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Tuesday, February 22, 2005

Baybayin Scripts (Alibata)

by Maria Eleanor Elape Valeros
October 4, 2004; posted at www.thefreeman.com

The Alibata moderator of the Ancient Baybayin Scripts Network sent me an invitation for membership the other week which makes me wonder how many people back here had received the same message and are familiar with alibata, ermmm...let me use the appropriate term, baybayin (“to spell” in Tagalog).

The ancient script is often referred to as alibata, a term coined inexplicably to mimic the first two letters of the alphabet of the Maguindanao people - alif and bet - derived from Arabic.

Hope many out there are into the study of the baybayin script, interested to perhaps initiate a forum, discussion, or a conference with assistance from ABSN. The network hopes to encourage new opportunities to interact with enthusiasts on learning the ancient writing scripts and writing systems of the Philippines, and languages with different syllabic, alphabetic, and logographic writing systems, and be able to trace how these had affected the evolution of the baybayin scripts.

On top of it all, ABSN is encouraging new methods on deciphering archaelogical baybayin artifacts, pottery, inscriptions, rock art, petroglyphics, and pictograph characters found throughout the archipelago, so that when this hits bottom every baybayin disciple would know that ABSN is here to promote understanding among different communities.

Now why am I bringing this up? My fascination for baybayin came at such an early age. Though back in grade 4, the lessons were limited, one trivia stuck in my head that other loads of information were not able to overwrite through time. That of knowing that though major languages (yes dear! languages, not dialects!) in the Philippines are now written using the Roman alphabet, these languages were first represented using a script related to and directly or indirectly derived from the Bugis and Makassar scripts of Celebes.

I remember one advertising congress held here in Cebu some years back when George Escalona of Tattoo Museum painted my name in henna using the baybayin script. I went gaga over those pretty fascinating strokes of graceful loops, crooked lines, wavy arrows, cute zigzags, and an inverted fat heart beautifully tattooed in the native script on my left arm. Those spoke so much of the beautiful past of my Tribu Zzubu people, and of the Pintados, as well. It is so sad though that the two forms of these indigenous scripts that still survive to date are not used here in Sugbu. The scripts are used by the Tagbanwa of Palawan and Mangyans of Mindoro today.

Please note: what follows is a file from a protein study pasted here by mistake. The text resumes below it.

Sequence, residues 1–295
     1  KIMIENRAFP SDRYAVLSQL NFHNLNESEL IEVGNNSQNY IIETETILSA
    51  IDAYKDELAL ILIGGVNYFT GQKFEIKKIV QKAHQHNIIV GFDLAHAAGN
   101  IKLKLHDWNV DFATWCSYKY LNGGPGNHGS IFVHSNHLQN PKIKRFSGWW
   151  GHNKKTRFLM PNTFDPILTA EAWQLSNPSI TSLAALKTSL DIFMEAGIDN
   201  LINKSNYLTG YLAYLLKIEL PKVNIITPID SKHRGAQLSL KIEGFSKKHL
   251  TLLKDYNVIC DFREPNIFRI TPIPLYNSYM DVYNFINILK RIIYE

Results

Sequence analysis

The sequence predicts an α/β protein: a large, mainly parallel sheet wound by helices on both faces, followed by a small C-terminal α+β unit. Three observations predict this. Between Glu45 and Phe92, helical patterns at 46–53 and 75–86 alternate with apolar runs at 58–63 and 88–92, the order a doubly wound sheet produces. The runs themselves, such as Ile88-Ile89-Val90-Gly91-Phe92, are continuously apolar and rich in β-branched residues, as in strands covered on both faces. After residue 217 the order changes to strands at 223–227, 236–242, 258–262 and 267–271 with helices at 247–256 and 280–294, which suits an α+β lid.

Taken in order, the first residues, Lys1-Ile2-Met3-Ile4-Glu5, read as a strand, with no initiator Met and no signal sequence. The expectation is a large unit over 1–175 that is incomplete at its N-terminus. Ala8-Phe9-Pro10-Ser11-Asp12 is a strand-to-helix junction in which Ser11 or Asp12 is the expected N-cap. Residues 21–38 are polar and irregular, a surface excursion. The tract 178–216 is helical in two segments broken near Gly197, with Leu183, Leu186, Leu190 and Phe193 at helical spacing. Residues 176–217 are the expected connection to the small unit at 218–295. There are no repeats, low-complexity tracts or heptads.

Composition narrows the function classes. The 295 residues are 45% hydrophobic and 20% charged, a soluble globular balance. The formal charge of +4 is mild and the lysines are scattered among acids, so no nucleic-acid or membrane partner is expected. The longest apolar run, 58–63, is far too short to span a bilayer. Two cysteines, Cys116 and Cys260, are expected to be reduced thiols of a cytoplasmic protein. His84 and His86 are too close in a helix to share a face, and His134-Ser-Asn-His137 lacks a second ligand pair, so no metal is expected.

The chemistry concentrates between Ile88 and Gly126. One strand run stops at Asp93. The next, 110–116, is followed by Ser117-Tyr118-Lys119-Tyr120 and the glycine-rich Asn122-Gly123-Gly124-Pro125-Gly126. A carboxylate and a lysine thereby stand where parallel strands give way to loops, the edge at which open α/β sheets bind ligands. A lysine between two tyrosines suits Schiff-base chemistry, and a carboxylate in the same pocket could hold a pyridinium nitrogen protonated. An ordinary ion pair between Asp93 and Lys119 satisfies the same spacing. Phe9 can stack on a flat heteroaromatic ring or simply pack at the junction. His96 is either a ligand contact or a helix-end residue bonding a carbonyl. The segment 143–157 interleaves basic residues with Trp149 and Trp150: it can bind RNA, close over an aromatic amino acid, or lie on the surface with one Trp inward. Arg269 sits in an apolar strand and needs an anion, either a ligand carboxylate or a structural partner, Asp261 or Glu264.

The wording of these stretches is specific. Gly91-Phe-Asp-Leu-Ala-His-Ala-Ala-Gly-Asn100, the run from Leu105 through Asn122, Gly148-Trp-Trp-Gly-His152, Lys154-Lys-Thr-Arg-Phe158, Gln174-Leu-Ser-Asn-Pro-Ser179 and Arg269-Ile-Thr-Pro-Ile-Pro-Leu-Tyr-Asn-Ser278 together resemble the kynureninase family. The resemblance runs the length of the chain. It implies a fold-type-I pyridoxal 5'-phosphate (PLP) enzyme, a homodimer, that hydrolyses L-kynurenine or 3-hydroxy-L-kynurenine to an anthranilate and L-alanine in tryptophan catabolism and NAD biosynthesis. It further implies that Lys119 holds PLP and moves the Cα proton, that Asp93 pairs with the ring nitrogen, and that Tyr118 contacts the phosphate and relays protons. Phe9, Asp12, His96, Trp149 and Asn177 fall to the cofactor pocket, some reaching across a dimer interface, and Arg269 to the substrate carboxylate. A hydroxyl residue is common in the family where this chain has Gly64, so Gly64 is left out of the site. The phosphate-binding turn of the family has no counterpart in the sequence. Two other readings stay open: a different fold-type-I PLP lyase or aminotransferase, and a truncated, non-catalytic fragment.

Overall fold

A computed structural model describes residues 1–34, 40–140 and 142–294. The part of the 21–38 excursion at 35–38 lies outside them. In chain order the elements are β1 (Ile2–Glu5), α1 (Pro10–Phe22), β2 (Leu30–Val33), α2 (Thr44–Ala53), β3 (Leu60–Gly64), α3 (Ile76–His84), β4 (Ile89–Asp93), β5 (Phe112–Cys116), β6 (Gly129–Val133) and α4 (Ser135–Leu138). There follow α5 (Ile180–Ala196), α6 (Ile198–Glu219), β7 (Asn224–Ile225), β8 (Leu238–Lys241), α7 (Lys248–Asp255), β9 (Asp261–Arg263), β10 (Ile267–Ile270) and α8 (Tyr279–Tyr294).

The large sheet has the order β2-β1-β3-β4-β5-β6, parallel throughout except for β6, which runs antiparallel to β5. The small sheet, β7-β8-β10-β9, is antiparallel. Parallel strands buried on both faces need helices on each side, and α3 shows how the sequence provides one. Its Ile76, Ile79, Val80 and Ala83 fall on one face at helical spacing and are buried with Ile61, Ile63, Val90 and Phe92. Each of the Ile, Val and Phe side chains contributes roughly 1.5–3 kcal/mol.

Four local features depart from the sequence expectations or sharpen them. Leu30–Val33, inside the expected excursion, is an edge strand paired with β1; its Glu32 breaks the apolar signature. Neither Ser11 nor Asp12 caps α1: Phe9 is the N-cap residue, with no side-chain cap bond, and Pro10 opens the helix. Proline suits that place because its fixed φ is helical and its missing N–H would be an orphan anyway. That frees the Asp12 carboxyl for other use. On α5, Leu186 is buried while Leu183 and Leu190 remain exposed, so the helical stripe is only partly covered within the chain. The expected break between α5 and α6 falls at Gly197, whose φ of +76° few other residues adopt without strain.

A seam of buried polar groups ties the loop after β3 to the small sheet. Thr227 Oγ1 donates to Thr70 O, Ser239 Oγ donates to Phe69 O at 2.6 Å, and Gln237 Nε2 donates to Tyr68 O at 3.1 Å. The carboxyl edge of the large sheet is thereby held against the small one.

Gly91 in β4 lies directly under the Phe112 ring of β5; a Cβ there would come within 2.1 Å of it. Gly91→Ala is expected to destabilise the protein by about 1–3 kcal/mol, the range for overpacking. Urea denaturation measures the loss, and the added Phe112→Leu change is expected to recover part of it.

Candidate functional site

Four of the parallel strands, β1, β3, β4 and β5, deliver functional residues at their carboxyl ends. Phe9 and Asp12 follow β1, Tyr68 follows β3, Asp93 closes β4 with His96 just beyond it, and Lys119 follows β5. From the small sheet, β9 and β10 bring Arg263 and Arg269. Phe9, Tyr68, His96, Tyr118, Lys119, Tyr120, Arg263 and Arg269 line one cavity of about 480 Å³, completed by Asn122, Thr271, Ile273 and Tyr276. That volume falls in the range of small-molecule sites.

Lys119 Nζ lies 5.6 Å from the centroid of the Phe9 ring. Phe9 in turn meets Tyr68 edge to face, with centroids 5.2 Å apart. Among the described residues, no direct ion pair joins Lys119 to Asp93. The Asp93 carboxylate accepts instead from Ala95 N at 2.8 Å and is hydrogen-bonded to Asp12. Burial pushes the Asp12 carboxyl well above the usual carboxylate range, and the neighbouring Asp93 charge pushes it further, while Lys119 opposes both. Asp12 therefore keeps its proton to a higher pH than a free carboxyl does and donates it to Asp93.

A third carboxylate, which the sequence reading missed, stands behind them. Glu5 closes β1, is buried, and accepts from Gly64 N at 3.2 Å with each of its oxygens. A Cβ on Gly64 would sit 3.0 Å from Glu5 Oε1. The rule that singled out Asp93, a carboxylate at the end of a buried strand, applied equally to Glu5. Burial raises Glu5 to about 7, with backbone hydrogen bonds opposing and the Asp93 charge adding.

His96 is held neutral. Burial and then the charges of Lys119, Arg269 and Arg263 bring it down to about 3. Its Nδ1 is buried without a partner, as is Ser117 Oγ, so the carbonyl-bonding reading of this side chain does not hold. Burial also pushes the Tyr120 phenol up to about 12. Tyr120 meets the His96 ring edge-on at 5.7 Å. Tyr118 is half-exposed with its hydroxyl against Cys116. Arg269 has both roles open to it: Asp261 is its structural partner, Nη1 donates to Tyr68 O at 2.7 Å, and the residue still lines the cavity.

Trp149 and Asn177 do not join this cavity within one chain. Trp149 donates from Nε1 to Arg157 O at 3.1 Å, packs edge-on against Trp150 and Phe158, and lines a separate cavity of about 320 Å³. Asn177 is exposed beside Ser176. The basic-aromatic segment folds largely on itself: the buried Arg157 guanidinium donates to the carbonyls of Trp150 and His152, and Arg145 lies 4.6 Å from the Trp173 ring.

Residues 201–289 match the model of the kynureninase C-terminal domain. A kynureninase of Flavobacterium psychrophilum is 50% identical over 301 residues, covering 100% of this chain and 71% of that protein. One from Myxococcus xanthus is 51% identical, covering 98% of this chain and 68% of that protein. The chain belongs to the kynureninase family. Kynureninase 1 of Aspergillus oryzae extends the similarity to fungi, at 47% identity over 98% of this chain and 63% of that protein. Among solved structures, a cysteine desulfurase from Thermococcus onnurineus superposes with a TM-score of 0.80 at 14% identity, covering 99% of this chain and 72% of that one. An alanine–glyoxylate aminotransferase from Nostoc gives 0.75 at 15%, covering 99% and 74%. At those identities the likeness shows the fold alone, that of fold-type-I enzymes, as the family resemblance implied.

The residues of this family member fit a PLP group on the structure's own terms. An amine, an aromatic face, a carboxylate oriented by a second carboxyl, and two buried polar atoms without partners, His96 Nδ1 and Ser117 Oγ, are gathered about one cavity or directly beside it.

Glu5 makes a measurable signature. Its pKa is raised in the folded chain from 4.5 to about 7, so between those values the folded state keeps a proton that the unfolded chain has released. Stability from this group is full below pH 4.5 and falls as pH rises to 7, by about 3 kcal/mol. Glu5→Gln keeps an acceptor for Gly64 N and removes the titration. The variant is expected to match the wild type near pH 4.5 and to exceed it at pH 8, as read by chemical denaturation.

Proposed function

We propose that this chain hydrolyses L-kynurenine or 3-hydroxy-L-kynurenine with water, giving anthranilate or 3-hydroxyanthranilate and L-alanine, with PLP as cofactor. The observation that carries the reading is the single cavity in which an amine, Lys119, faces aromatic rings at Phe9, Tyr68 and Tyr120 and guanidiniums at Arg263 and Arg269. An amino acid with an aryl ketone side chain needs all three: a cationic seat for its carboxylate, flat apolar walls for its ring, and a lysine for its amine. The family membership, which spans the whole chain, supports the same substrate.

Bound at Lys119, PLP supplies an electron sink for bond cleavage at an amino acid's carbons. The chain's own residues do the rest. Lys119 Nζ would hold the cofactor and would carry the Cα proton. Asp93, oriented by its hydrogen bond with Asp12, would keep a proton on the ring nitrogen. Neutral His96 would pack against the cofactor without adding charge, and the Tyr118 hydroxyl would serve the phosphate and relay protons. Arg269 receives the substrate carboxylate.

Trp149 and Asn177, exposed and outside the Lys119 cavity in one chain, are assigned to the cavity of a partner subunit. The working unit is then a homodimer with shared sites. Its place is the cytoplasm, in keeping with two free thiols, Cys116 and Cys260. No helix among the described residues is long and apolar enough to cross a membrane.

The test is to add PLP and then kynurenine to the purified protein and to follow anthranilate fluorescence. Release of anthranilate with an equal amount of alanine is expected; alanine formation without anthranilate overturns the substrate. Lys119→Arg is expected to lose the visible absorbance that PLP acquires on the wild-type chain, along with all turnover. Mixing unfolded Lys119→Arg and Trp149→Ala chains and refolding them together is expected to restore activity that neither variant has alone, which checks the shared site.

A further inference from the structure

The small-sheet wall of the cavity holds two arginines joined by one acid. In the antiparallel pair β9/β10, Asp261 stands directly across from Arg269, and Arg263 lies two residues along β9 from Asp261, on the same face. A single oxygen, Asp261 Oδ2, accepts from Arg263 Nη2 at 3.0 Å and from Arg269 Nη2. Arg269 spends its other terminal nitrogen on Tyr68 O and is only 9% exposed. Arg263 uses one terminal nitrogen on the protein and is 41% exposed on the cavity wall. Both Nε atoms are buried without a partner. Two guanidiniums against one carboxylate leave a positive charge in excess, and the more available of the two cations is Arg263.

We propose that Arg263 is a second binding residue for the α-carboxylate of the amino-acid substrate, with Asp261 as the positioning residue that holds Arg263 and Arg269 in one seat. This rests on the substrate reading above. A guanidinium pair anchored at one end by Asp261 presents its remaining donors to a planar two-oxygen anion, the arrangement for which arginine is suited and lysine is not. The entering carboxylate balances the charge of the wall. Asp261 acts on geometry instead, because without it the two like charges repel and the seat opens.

It is believed that the Philippine scripts were derived from Kavi script or old Javanese, perhaps indirectly through the Buginese. The Buginese origin of the Philippine scripts best accounts for the fact that the latter cannot represent the final consonants of syllables since Buginese has the same limitation.

With the help of a web baybayin translator - www.eaglescorner.com/baybayin - that could work out well on Tagalog words only, I had “Baybayin (Alibata)” translated which gave the equivalent set of Buginese syllables ba ba ye a le ba ta. Another example, my name maria eleanor elape valeros written in pidgin-style mariya elinor elape baleros when translated gave ma de ya e le no e la pe ba le do as some letters like “r” was replaced with a “d” and the last consont “s” was dropped. When written, there would be 12 symbols to correspondent 12 syllables, meaning to say one symbol for each syllable.

This I brought up in the hope that many of us most especially the young people would take interest in promoting advocacy for linguistic rights, ancestral rights, cultural rights, indigenous rights, and cultural revival.

(For your comments, reactions, suggestions and contributions, crank up my addy: wild_pechay@yahoo.com) -00-

Addy buddies. I was on my usual editing of prayer texts in Philippine languages/dialects when an Ibanag/Itawes word (connected somehow to prayers) entered the scene. The word is MABALLO/MABALLAT = salamat. In Bikol, it is MABALOS. There are other words surprisingly “cognate” among northern Luzon languages & the southern Bikol ones, especially along the Sierra Madre side: ATANAN (Yogad) = TANAN (Sorsogon, Gubat Bikol); NGAMIN (Ibanag/Itawes) = NGAMIN (Iriga Rinconada Bikol); DUMAN (Umirey Dumagat) = DUMAN (Naga Bikol); BITIS (Pampango) = BITIS (Naga Bikol). There are others, I know. Truly, north meets south. - Dante Ferry danteferry@yahoo.com.

“Hi Alibata friends, we have to promote a culture of excellence in the Philippines. I wrote a book entitled “Called to Excel” which seeks to inspire Filipinos to do something to help our country rise again.” Rex Resurreccion of Passion for Perfection-Philippines .

9/23/2005 03:06:00 PM | Blogger alphalpha said....   

hello! dito madadownload yung baybayin fonts http://www.mts.net/~pmorrow/fonts.htm (me kasamang rtf file yung TTF sa zipfile na madadownload, as guide to using baybayin). have fun!!!